Answering Senate Judiciary Chairman Lindsey Graham’s question about counterintelligence operations the FBI conducts targeting potential Chinese espionage Wray said, “Mr. Chairman, I would say that there is no country that poses a more severe counterintelligence threat to this country right now than China.”
Wray said that he did not give his answer lightly.
“China is fighting a generational fight here,” he noted.
Wray added that he was not talking about the Chinese people as a whole or Chinese-Americans.
“It is about a country that in a variety of ways through the Chinese government, the Chinese Communist Party, using not just government officials, but private sector entities, non-traditional collectors, etcetera to steal their way up the economic ladder at our expense. We have, as we speak, probably about a thousand plus investigations all across the country involving attempted theft of U.S. intellectual property whether it is economic espionage or counterproliferation, almost all lead back to China,” he said.
“It is a threat that is deep and diverse and wide and vexing whether it is in terms of the kind of actors that are used, the techniques that are used, the kind of targets that are used. So we are working extremely hard with all of our partners to combat it, but make no mistake this is a high, high priority for all of us,” Wray concluded.
Wray noted that Russia was the nation’s second most serious counterintelligence threat.
Graham asked whether Russia was still trying to interfere with U.S. elections.
“The Russians are absolutely intent on trying to interfere with our elections through foreign influence in particular,” Wray answered.
“Is it fair to say that everything we’ve done against Russia has not deterred them enough? All the sanctions, all the talk, they’re still at it?” Graham followed-up with an additional question.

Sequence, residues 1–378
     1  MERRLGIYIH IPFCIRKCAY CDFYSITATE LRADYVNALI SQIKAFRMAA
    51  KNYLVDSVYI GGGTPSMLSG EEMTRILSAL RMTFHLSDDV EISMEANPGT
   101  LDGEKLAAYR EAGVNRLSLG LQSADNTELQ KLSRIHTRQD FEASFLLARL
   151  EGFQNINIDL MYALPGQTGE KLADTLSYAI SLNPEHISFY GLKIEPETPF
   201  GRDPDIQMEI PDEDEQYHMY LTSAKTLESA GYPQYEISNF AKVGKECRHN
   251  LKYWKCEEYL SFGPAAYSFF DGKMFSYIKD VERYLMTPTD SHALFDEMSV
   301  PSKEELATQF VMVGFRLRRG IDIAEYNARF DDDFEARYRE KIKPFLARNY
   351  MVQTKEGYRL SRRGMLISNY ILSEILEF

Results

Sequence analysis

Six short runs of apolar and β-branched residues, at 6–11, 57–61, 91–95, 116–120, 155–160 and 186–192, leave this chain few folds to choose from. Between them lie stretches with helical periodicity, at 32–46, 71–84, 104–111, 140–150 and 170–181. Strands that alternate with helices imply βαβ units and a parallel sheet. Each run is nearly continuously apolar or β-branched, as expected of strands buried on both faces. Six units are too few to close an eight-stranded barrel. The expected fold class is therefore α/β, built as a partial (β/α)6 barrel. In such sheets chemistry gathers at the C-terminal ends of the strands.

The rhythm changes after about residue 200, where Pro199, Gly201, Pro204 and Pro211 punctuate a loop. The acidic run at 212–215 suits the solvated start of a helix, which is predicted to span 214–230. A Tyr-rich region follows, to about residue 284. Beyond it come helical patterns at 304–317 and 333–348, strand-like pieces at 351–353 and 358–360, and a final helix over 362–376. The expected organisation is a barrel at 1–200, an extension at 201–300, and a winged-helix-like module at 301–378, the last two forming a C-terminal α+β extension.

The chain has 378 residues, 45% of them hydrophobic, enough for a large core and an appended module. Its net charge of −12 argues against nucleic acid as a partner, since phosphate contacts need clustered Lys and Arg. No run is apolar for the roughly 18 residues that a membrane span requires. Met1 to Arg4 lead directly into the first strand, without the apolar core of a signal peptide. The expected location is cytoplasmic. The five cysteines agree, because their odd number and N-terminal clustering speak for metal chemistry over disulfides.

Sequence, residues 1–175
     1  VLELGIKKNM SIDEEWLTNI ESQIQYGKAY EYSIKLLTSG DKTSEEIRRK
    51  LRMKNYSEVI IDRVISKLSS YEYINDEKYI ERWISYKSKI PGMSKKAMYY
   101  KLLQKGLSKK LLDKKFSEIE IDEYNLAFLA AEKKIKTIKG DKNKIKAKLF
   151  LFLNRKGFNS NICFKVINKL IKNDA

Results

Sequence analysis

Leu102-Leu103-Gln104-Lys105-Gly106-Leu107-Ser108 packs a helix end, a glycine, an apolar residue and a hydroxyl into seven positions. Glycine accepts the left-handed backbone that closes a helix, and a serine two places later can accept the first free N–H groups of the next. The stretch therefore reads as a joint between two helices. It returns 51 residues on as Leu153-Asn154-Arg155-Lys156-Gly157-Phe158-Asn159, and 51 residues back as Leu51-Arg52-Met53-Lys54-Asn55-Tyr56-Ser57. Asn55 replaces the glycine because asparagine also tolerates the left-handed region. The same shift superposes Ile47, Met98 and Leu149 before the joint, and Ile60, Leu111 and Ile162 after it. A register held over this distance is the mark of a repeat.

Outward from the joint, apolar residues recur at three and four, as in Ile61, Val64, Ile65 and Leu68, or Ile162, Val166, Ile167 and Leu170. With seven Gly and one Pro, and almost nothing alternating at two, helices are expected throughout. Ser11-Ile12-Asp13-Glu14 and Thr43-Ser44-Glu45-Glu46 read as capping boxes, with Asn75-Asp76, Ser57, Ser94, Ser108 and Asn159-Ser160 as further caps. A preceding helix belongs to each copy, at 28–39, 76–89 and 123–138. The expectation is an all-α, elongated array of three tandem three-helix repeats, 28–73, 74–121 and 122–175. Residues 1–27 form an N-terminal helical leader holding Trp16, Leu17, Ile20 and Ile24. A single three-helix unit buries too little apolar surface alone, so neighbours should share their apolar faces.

“My view is that until they stop, they have not been deterred enough,” Wray answered.
“And they are still doing it?” Graham asked.
“Yes,” Wray answered.
Because of perceived bias from the FBI during the 2016 election, Graham asked Wray whether DOJ Inspector General Michael Horowitz would be fair when looking at the FISA warrant process.
“I will say Mr. Chairman, in all my experience with Inspector General Horowitz that while he can be pretty hard-hitting, he’s independent, he’s objective, he’s fair, he’s professional, he’s thorough, and I have no reason to doubt the integrity or the quality of the investigation he has underway,” Wray said.
Graham asked whether Horowitz or others were doing a “deep dive” to look at what happened with the FBI’s investigation into the Trump campaign and their use of FISA warrants.
Wray dodged answering whether Horowitz was involved.
“I think I will let Inspector General Horowitz speak for himself about the scope of his investigation, but as you know, the Attorney General is doing a review, has commissioned people to do a review, and I think that it is part of his job, it is part of mine, to get some of those questions answered,” Wray said.